Miss Peregrine's Home for Peculiar Children by Ransom RiggsThe inspiration for a story can come from almost anywhere. I learned this first-hand a few years ago when I was inspired by some evocative old snapshots I found at a flea market. I wanted to know more about the people in them, but the photos were anonymous—long-disconnected from whomever had taken and discarded them—so instead I created their stories myself. The result was my first novel, Miss Peregrine’s Home for Peculiar ChildrenIt’s enjoyed some remarkable success, especially for a book from a debut novelist—there’s even a movie in the works! None of which would be happening if I hadn’t let a handful of musty pictures tell me a story. Stories are everywhere; it’s just a matter of tuning our ears to listen for them.

Given the way Miss Peregrine is told, with the photos I found woven through the narrative, it’s proven to be a fascinating conversation-starter for students and teachers of creative writing. Students can easily find photos of their own to use as writing prompts, either on the Internet or, better yet, in the attics and closets of parents and grandparents. (I discovered that it’s nearly impossible to write about old photographs without becoming interested in their history. There’s something fascinating about the immediacy of a photograph, no matter how old it is; though a picture might have been taken a hundred years ago, it is always, in some sense, now.) (more…)

Hotel on the Corner of Bitter and Sweet by Jamie Ford

I knew that my novel, Hotel on the Corner of Bitter and Sweet, was making its way onto high school reading lists when curious emails began popping up in my inbox. They tended to go something like this:

“Um, you know, your book, Motel on the Corner of Sweet and Sour—dude, it’s like m favorite novel of all time!! And I’m kinda wondering if you could, like, answer these twelve questions for me? (In my mind, I always hear this question coming from a nasally, voice-cracking, pre-pubescent 14-year-old boy wearing a Hot Topic hoodie with his ear buds in, listening to “Bring Me the Horizon”).

And just like that, I was suddenly someone’s homework. Right up there with Of Mice and Men, the Pythagorean Theorem, and building dioramas out of old shoe-boxes and craftpaper.

To be honest, I wasn’t entirely sure how my novel would be received.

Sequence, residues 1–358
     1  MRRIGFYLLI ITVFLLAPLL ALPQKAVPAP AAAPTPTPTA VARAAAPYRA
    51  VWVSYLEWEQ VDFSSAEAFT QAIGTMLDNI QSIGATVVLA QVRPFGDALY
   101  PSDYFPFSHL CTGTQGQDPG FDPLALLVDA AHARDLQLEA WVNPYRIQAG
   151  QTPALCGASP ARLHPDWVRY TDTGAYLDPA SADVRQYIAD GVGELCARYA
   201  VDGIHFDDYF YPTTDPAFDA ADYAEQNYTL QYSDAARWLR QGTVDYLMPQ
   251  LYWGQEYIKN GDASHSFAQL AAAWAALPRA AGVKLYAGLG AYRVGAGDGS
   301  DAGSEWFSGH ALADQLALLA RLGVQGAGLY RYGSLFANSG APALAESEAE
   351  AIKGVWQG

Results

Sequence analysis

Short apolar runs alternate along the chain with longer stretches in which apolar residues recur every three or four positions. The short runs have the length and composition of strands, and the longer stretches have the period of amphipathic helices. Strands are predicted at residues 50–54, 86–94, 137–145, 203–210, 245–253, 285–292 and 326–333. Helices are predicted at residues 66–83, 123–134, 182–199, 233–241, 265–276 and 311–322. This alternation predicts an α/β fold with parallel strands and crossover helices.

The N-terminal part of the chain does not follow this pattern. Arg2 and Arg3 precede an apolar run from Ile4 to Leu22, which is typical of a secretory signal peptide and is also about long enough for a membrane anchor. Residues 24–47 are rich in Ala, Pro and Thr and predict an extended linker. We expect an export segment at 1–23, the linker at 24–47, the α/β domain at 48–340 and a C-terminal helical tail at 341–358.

So then I asked myself why so many students embrace books like The Catcher in the Rye and To Kill a Mockingbird—because they’re amazing novels? Sure. But moreover, these are books with young protagonists. They offer voices that are readily absorbed by the intrepid imaginations of young adults. (more…)

Not Quite Adults by Richard Settersten and Barbara E. Ray

by Richard Settersten, co-author of Not Quite Adults: Why 20-Somethings Are Choosing a Slower Path to Adulthood, and Why It’s Good for Everyone (Bantam, 2010)

One of the inescapable burdens of being an educator relates to this simple truth: We grow older, but our students are forever young. Yet, as new students file into our classrooms each year, we’re aware of a complementary truth: Just because our students are always young doesn’t mean they’re always the same. Recent years have brought a seismic shift in the kinds of students we face.

Anchored in nearly a decade of collaborative research conducted by an interdisciplinary team of scientists assembled by the MacArthur Foundation (myself included), Not Quite Adults provides an intimate look at today’s young people.

Writing this book with my co-author, Barbara Ray, has changed how I teach and relate to my college students. Here are a few lessons that will be helpful for high school teachers, too: (more…)

Going Down South by Bonnie J. Glover

by Bonnie J. Glover, author of Going Down South: A Novel

Since 2005 when my first book, The Middle Sister, was published, I’ve been asked to speak at various public schools, ranging from grade schools to colleges in Florida where I’m currently a resident. Each event has left me wanting to participate more in book discussions with young adults and I’m glad that now I’m receiving  invitations to speak in schools as far away  as Missouri.

When I speak to these school age kids we discuss our journeys through life and both of my novels, including my latest work, Going Down South. And, of course, there are always at least a few questions regarding my personal writing process and how to get published.  When I speak to adults, they tend to ask about book deals and money. Kids are different.  They ask about what’s fair game—is it all right to tell a story about something that really happened? And, young people often ask about inspiration.  That’s a great subject.  We also discuss reading and my personal belief that a person can never become a successful writer without being a successful reader first. (more…)

The Good Thief by Hannah Tinti

Hannah Tinti, author of The Good Thief, recently spoke with a group of students at the Paideia School in Atlanta, Georgia. The students later emailed her book trailers that they’d made for her novel as part of a class project.

We were pretty impressed by them (and wished we were given a fun assignment like this back when we were in school!) Check the trailers out on her blog.

Haven’t read the book yet? Email us and we’ll send a complimentary copy to the first TEN people who respond.